Ruling out other conditions:

It is important to also rule out other possible causes of symptoms, as many conditions can overlap with MCAS. These include other types of Mast Cell Disease. During the diagnostic process, it is important to ensure that other potential diagnoses are not missed, and additional investigations such as endoscopy, colonoscopy, imaging, and biopsies may be required. It is important to rule out other conditions such as heart attacks, hepatitis, cancer, epilepsy, eosinophilic esophagitis, Addison's disease, and diabetes.

Seek an Expert Medical Opinion:

It's important to work closely with a healthcare provider experienced in the diagnosis and treatment of MCAS to complete these diagnostic stages and develop a personalized plan of care. We can help you find a doctor who is able to diagnose and treat MCAS.  While the diagnostic process can be challenging and frustrating, a confirmed diagnosis of MCAS is essential for appropriate management and treatment of symptoms.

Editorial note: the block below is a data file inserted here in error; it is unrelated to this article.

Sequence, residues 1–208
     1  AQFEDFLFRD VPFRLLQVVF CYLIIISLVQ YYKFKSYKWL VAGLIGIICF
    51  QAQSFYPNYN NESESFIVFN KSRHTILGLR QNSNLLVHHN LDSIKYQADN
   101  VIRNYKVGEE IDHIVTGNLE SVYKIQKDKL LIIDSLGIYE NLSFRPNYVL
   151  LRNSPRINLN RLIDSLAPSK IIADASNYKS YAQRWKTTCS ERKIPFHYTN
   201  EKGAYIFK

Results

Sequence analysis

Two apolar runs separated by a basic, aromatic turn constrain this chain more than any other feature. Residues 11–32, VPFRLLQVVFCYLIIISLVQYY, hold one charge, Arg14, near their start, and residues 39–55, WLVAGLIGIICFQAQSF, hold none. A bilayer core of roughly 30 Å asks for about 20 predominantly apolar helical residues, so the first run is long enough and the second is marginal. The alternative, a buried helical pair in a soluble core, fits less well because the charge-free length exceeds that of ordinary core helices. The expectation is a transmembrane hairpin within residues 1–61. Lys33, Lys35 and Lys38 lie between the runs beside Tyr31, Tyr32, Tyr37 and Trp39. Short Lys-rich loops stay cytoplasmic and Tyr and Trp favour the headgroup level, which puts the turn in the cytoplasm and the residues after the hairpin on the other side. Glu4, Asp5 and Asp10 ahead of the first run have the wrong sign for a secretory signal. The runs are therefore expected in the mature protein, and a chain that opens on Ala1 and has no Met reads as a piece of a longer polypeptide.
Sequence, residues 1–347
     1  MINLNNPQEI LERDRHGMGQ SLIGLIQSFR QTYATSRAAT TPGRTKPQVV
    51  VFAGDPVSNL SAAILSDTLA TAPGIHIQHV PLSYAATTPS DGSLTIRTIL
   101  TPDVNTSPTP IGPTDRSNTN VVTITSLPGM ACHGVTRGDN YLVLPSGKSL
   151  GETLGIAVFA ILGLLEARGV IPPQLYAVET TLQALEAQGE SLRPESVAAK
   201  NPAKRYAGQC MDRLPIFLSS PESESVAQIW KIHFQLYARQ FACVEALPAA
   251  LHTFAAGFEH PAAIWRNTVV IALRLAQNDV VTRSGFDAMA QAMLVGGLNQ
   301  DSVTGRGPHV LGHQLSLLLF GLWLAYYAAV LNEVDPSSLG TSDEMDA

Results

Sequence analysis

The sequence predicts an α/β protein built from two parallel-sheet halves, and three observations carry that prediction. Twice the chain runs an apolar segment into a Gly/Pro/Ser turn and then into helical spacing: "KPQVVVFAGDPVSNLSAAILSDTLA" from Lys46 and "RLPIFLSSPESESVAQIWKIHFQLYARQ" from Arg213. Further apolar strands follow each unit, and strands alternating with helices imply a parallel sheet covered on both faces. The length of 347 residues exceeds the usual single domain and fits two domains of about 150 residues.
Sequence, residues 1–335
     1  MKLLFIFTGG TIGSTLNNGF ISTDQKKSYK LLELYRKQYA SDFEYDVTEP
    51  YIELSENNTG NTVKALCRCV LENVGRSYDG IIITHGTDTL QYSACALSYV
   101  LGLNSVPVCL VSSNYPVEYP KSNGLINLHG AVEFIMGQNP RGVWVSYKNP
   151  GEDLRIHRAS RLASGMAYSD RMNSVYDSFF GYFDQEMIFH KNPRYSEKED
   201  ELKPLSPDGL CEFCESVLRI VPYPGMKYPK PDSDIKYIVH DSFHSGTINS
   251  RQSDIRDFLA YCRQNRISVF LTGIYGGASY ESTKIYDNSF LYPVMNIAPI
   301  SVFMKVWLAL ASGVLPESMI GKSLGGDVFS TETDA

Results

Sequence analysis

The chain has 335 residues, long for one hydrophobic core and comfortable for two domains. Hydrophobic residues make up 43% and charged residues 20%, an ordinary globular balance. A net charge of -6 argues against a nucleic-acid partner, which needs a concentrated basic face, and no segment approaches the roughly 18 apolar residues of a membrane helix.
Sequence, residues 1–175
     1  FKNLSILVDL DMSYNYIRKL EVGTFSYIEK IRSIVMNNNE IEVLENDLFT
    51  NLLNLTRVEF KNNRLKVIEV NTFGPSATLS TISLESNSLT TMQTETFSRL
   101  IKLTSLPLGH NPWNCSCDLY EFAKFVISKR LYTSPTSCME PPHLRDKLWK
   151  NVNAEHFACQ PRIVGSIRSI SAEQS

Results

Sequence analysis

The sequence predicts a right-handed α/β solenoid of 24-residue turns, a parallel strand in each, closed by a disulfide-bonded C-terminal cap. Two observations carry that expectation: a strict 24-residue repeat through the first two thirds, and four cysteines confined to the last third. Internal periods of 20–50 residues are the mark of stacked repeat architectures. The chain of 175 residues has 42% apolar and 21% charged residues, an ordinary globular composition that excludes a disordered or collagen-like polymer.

Comorbidites of Mast Cell Activation Syndrome

Mast Cell Activation Syndrome (MCAS) is often associated with other medical conditions, with individuals typically having at least one additional condition. The relationship between MCAS and many of these comorbidities is not yet fully understood, and more research is required.

Common comorbidities with MCAS include connective tissue disorders like Ehlers Danlos Syndrome (EDS), and dysautonomia like Postural Orthostatic Tachycardia Syndrome (POTS). Type 2 diabetes is also another common comorbidity. In addition to these more common comorbidities, there are many other associated conditions including hypermobility spectrum disorders (HSD), chronic fatigue syndrome (CFS) or myalgic encephalomyelitis (ME), fibromyalgia, irritable bowel syndrome (IBS), migraine, asthma, allergies (including food allergies), Marfans, chronic obstructive pulmonary disease (COPD), rheumatoid arthritis (RA), systemic lupus erythematosus (SLE), and multiple sclerosis (MS).

It is important for individuals with MCAS to receive comprehensive medical care to address any comorbidities that may be present. A healthcare provider experienced in the management of MCAS and its associated conditions can help develop a personalized plan of care.